When I have a lot of things to do that I’m not very interested in, I escape by creating something. Anything. I like what happened when I put off my “should do” list tonight.
A different perspective? MAYBE? That would be noble.
Nope, I was just giving my brain a creativity fix.
Vintage shoes, an abandoned farmhouse, South Dakota two-lane, a Vegas sign, urban ruins (Detroit), California fires, summer feet, Lucy & Willa, New Orleans lights, an octopus and an alligator in the Everglades…all provided my muse. I could while away many more hours making these.
However, I’m going to bed. I’m optimistic I will actually conquer more of my “should do” list tomorrow—now that my creative bucket (or bottle) has been filled.
“Nothing is original. Steal from anywhere that resonates with inspiration or fuels your imagination. Devour old films, new films, music, books, paintings, photographs, poems, dreams, random conversations, architecture, bridges, street signs, trees, clouds, bodies of water, light and shadows. Select only things to steal from that speak directly to your soul. If you do this, your work (and theft) will be authentic. Authenticity is invaluable; originality is non-existent. And don’t bother concealing your thievery – celebrate it if you feel like it. In any case, always remember what Jean-Luc Godard said: “It’s not where you take things from – it’s where you take them to.“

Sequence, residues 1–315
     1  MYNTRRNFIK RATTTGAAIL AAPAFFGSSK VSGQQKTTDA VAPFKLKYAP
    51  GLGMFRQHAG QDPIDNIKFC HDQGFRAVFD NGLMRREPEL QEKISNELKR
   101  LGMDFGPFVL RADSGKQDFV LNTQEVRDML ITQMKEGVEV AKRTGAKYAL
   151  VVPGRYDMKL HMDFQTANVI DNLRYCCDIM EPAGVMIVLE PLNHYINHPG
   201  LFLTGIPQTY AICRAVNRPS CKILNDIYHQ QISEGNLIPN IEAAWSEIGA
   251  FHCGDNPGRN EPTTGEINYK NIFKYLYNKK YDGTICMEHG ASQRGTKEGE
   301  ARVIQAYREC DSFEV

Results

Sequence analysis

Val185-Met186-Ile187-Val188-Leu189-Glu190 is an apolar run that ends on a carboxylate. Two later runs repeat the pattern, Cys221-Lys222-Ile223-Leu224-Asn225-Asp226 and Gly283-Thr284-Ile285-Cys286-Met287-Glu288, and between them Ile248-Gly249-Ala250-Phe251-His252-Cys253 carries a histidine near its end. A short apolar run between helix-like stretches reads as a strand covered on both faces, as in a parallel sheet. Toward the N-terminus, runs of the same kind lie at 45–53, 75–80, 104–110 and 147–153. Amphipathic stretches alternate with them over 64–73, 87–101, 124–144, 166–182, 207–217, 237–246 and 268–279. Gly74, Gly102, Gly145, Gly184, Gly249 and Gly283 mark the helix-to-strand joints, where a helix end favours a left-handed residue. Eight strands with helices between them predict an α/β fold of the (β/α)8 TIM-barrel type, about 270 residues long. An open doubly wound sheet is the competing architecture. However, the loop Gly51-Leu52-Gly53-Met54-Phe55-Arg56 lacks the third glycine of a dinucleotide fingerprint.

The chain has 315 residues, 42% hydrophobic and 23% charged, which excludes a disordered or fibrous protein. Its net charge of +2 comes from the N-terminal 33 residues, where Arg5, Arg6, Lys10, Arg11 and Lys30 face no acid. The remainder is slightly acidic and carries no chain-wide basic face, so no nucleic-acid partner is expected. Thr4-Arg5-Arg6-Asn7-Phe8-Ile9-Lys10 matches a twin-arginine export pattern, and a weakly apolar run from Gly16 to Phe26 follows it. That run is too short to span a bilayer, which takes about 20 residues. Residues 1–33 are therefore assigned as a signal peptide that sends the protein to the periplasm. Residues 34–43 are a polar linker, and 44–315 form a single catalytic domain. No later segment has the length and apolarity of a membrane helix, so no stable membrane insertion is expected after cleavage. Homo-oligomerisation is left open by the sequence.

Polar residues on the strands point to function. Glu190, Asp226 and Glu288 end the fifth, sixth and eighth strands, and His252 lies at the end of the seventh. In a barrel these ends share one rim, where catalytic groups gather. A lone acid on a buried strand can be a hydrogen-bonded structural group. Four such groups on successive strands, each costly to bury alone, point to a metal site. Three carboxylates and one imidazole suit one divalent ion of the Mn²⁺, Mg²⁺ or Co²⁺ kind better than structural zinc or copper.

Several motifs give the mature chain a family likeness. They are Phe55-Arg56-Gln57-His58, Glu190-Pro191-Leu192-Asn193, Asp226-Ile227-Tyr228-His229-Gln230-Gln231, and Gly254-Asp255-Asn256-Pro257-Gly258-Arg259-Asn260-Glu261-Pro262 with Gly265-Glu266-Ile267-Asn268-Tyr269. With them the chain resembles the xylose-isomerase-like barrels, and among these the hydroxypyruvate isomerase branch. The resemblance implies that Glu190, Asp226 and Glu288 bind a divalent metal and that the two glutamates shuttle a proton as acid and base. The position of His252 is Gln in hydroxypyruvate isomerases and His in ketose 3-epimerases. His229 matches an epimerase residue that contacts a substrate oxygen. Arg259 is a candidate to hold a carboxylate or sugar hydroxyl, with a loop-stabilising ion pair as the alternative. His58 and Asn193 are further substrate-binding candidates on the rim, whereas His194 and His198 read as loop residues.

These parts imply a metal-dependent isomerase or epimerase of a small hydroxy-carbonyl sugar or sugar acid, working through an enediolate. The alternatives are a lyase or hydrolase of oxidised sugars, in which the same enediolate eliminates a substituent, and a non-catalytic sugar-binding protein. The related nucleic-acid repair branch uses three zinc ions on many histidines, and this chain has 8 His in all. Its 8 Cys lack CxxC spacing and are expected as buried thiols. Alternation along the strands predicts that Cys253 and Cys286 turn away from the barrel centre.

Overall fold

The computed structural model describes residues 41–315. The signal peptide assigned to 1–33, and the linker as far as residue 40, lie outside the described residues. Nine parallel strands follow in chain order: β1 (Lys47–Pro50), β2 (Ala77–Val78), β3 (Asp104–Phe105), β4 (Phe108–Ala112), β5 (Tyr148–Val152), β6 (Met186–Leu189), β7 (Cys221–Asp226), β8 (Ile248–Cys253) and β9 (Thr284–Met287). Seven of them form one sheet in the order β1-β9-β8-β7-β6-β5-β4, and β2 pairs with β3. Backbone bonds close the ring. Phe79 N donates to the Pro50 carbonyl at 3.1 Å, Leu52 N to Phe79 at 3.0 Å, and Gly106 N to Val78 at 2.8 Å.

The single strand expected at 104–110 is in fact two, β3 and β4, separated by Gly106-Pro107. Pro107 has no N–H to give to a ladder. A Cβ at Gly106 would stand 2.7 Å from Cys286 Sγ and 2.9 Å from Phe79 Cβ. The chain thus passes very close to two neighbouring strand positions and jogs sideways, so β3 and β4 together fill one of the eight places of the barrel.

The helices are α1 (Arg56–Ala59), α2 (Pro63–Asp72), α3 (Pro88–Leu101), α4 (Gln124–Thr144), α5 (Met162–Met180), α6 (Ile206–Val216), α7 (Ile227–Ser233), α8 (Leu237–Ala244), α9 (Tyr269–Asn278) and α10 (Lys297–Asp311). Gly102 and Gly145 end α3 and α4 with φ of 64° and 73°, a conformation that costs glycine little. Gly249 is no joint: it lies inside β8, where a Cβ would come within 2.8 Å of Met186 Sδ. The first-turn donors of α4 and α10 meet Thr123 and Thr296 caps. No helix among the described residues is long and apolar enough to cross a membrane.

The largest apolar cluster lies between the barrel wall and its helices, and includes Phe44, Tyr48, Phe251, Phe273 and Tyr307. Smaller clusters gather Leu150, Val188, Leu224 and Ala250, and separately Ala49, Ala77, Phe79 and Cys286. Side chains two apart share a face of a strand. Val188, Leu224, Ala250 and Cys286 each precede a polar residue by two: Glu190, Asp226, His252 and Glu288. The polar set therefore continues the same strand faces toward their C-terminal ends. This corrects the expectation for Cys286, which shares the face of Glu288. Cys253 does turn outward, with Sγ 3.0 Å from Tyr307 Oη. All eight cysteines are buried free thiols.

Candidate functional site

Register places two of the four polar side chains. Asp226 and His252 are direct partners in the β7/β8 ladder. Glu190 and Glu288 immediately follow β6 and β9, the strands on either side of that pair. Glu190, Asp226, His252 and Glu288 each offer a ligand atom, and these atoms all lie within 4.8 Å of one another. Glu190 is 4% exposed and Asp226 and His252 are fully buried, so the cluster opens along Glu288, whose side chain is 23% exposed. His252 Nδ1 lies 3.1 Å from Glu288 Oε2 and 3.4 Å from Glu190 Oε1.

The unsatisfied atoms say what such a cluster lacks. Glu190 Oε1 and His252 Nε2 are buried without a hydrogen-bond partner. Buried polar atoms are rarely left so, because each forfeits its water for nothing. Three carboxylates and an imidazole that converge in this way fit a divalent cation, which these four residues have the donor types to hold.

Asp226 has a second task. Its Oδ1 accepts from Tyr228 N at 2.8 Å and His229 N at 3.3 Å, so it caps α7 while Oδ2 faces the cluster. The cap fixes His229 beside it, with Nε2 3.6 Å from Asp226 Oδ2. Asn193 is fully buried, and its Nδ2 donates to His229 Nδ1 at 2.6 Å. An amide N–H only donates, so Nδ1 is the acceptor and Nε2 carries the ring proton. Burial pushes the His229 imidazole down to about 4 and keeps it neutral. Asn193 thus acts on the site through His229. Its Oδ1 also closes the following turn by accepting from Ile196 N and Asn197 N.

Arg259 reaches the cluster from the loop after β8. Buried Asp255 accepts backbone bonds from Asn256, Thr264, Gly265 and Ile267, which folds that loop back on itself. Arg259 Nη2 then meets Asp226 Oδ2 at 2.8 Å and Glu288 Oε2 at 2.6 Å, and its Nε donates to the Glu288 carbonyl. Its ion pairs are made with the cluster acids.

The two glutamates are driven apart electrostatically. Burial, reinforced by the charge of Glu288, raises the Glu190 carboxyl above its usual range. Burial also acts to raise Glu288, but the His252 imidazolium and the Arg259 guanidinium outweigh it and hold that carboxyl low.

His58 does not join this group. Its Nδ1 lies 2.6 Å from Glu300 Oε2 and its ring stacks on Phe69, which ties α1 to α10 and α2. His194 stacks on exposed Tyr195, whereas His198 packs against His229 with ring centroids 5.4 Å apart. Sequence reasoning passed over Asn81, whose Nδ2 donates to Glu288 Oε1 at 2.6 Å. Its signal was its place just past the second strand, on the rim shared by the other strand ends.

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This is one of my favorite quotes of all time. When I think I’m being entirely original that’s when my ego emerges and my work suffers. If I take note of my inspiration (creative theft), then my work is often more authentic. Thank you Jim Jarmusch and Jean-Luc Godard, “it’s not where you take things from – it’s where you take them to”. Indeed.